POSTED OCTOBER 16, 2019, 10:30 AM
David R. Topor, PhD, MS-HPEd , Contributor
What does this new research on optimism tell us?
The study in Proceedings of the National Academy of Sciences found that people who had higher levels of optimism had a longer life span. They also had a greater chance of living past age 85. The researchers analyzed data gleaned from two large population studies: about 70,000 women from the Nurses’ Health Study and about 1,400 men from the Veterans Affairs Normative Aging Study.
The Nurses’ Health Study used items from the Life Orientation Test to assess optimism. The measure asks respondents to rate their level of agreement to several statements about optimism. The Normative Aging Study relied on the Optimism-Pessimism Scale, administered as part of a personality assessment. This scale examines the positive and negative explanations people give for events in their life.
For both men and women, higher levels of optimism were associated with a longer life span and “exceptional longevity,” which the researchers defined as surviving to 85. The study controlled for factors like chronic physical conditions (such as hypertension or high cholesterol) and health behaviors (such as smoking or alcohol use).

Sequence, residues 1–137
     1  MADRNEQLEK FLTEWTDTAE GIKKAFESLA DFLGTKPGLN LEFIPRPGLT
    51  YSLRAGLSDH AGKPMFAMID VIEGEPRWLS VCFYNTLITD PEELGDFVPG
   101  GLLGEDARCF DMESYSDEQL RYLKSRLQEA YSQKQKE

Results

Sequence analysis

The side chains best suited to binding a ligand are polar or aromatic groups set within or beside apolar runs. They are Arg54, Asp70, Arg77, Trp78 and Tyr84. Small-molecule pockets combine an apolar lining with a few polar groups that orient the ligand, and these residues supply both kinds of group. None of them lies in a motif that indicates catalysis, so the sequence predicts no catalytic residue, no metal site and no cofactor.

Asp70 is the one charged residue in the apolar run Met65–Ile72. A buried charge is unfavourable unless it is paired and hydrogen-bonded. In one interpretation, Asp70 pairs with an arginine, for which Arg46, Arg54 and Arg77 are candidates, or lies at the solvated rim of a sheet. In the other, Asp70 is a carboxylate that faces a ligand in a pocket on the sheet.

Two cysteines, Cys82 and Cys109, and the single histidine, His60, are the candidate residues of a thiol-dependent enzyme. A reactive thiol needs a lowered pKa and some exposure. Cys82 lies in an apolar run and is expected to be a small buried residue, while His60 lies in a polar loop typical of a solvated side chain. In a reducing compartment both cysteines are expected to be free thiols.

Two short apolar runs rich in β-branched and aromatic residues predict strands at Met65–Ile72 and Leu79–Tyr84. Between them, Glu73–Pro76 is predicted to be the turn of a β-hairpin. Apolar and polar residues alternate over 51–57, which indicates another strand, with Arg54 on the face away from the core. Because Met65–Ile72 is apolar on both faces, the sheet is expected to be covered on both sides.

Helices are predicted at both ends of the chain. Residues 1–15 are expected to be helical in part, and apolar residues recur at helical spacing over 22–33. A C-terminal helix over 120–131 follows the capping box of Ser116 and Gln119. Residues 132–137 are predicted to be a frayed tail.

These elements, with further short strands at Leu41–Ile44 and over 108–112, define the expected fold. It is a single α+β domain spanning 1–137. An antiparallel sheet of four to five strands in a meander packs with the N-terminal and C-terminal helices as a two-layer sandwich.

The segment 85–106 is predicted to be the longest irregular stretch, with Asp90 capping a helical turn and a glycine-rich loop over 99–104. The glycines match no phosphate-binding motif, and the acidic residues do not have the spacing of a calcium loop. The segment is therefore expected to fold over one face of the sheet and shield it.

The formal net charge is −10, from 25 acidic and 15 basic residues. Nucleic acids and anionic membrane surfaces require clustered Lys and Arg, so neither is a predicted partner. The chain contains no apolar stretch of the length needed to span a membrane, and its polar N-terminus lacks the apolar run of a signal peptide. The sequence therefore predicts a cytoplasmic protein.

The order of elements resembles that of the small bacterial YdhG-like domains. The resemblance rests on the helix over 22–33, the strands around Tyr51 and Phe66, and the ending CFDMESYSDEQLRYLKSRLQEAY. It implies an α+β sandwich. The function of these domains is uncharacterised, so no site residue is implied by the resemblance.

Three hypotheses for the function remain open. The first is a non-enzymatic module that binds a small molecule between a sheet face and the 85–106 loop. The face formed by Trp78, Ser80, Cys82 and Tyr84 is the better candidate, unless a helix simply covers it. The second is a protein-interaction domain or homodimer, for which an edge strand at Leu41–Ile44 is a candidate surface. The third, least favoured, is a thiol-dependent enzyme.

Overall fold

There were several limitations to the study results. For example, participants were largely white and had higher socioeconomic status than the general population. These factors may limit whether the findings apply to a wide range of people.
So why might optimism affect longevity? The study wasn’t designed to explain this, but the researchers had several thoughts. While one component of optimism appears to be heritable — that is, tied to our genes — our environment and learning also shape a significant portion. One takeaway is that we can all learn ways to be more optimistic.
How can you become more optimistic?
Whether you’re naturally optimistic or not, you can take certain steps in that direction.
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